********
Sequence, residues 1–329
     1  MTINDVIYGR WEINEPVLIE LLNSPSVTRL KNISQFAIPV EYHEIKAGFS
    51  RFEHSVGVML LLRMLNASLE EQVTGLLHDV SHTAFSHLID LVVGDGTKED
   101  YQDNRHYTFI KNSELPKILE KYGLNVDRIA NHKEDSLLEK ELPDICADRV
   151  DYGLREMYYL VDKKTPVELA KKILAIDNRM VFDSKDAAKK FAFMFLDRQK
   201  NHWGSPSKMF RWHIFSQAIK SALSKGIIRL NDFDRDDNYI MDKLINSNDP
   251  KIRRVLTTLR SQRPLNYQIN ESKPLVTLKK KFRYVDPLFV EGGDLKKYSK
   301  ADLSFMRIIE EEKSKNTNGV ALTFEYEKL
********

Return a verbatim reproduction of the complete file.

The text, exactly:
Sequence, residues 1–329
     1  MTINDVIYGR WEINEPVLIE LLNSPSVTRL KNISQFAIPV EYHEIKAGFS
    51  RFEHSVGVML LLRMLNASLE EQVTGLLHDV SHTAFSHLID LVVGDGTKED
   101  YQDNRHYTFI KNSELPKILE KYGLNVDRIA NHKEDSLLEK ELPDICADRV
   151  DYGLREMYYL VDKKTPVELA KKILAIDNRM VFDSKDAAKK FAFMFLDRQK
   201  NHWGSPSKMF RWHIFSQAIK SALSKGIIRL NDFDRDDNYI MDKLINSNDP
   251  KIRRVLTTLR SQRPLNYQIN ESKPLVTLKK KFRYVDPLFV EGGDLKKYSK
   301  ADLSFMRIIE EEKSKNTNGV ALTFEYEKL